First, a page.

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Machine Learning: Teaching Machines to Predict and Anticipate Will Make Them Interact with Humans More Easily

By Dick Weisinger

Predictive Machine Learning is a type of method used in artificial intelligence that combines statistical techniques, machine learning, predictive modeling and data mining. The goal is to estimate and make a prediction about the likelihood of an event or outcome from occurring. Machine Learning is able to take historical data, and from it, recognize patterns from which it can make decisions.

Predictive Machine Learning (ML) is being applied to a wide variety of problems, like areas in healthcare, sports, and human behavior.

In healthcare, predictive ML can be used to anticipate how patients will respond to therapy or how their condition may change. For example, in Finland, predictive machine learning was applied to patients with tongue cancer. As a tool, it helped enable informed decisions about how to manage the cancer. The algorithm was able to predict with 88 percent accuracy whether or not cancer would recur after treatment.

In sport competitions, coaches are beginning to include predictive machine learning as a tool to help make effective decisions. It can help coaches or managers make decisions that factor in parameters that include things like weather conditions and recent win/loss player statistics.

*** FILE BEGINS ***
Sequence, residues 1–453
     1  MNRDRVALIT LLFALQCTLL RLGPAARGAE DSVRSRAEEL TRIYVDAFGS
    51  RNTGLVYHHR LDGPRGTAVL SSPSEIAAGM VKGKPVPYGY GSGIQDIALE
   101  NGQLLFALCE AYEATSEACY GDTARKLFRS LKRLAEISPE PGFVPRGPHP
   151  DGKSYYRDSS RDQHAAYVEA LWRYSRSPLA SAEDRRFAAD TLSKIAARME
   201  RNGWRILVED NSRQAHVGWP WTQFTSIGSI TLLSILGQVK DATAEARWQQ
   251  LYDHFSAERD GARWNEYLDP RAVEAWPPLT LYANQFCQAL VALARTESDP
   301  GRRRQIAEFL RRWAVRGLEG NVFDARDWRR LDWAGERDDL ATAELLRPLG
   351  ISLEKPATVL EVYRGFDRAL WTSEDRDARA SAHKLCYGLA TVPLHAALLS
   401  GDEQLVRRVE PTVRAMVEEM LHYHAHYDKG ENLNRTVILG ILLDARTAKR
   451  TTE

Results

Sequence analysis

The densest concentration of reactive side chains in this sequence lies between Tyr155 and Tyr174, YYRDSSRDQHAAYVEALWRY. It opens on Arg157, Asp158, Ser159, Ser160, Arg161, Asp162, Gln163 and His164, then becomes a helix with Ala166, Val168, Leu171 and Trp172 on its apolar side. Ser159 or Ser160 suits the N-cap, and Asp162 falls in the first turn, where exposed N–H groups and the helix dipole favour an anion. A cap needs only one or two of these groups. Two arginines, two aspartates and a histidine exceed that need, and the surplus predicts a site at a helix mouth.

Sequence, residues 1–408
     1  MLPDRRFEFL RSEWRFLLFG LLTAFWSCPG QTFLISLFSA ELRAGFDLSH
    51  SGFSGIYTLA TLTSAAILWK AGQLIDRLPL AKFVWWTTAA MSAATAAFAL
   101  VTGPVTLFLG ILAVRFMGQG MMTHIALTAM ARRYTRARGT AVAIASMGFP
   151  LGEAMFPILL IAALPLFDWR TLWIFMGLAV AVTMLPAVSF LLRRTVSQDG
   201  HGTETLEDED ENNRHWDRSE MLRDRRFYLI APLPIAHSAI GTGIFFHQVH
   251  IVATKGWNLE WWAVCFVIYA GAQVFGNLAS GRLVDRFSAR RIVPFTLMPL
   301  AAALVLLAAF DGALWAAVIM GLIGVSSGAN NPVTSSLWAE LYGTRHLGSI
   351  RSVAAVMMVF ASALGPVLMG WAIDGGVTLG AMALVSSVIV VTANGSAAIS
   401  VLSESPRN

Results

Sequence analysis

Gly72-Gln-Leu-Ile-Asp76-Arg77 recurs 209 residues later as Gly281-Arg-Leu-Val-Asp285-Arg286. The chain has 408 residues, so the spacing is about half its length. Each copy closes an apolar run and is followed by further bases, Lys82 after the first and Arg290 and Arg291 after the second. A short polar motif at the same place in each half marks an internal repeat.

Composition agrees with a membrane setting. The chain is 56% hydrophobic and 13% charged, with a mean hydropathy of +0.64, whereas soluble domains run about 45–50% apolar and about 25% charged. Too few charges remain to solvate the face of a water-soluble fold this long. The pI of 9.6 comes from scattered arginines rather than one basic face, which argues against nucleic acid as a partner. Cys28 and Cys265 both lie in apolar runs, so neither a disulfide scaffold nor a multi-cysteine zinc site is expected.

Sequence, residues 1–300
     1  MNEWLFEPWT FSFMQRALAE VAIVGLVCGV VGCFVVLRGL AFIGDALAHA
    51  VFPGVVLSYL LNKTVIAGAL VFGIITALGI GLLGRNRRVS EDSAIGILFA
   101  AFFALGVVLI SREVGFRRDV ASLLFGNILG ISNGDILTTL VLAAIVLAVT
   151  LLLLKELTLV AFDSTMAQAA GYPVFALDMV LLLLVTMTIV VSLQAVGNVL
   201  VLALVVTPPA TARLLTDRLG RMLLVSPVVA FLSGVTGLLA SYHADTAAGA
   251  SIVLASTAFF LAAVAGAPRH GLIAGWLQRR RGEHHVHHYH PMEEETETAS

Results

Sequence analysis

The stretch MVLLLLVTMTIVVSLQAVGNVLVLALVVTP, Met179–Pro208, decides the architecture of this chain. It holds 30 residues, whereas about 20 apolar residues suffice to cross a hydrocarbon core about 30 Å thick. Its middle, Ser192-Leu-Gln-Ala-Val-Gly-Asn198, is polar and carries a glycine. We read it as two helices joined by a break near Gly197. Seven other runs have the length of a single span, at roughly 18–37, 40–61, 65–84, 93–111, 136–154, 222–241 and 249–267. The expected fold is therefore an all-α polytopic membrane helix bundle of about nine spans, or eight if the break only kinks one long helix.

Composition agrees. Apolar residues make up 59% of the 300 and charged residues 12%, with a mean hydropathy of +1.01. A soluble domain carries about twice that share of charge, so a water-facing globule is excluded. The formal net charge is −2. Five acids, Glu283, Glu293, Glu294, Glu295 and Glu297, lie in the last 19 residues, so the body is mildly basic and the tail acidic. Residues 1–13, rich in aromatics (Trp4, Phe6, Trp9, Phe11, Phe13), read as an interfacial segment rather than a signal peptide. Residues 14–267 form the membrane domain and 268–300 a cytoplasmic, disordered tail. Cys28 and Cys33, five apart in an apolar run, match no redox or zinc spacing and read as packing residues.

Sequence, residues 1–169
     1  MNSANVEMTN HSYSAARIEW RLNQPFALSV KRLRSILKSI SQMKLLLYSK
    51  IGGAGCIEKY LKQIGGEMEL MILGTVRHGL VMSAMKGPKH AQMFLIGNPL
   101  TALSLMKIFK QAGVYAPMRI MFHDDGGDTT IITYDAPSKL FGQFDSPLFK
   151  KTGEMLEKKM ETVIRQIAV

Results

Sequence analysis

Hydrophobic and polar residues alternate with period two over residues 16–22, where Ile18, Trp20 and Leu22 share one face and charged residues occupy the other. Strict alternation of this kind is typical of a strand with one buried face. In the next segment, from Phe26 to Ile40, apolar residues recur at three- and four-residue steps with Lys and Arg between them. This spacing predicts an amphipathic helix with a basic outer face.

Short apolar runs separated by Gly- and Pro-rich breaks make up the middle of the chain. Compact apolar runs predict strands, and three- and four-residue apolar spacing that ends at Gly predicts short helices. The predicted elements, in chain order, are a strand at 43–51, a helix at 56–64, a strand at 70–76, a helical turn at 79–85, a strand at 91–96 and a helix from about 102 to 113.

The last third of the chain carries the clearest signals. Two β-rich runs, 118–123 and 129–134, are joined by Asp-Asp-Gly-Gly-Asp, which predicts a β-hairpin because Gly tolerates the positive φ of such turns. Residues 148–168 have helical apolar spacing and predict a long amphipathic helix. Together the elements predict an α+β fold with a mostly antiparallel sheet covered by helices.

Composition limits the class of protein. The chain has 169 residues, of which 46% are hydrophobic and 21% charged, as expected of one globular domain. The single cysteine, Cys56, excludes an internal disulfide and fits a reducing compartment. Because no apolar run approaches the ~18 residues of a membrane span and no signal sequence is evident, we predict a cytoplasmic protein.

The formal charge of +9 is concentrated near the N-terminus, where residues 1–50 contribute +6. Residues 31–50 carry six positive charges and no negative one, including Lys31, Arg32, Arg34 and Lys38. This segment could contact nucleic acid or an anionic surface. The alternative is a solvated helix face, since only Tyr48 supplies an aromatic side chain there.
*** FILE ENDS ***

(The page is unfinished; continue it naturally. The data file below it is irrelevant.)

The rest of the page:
Predictive ML is also being used to understand the context of video. At Columbia University, researchers devised an algorithm that could examine a short video clip and from that predict the subsequent actions that would occur. For example, the algorithm could anticipate that after two people approach each other that one would offer their hand for a handshake. One application of this kind of research is the application to robotics. Ruoshi Liu, researcher at Columbia, said that “trust comes from the feeling that the robot really understands people. If machines can understand and anticipate our behaviors, computers will be able to seamlessly assist people in daily activity.”

Some researchers think that smarter predictive abilities will make machines easier for humans to relate to. Aude Oliva, researcher at the MIT-IBM Watson AI Lab, said that “prediction is the basis of human intelligence. Machines make mistakes that humans never would because they lack our ability to reason abstractly.”

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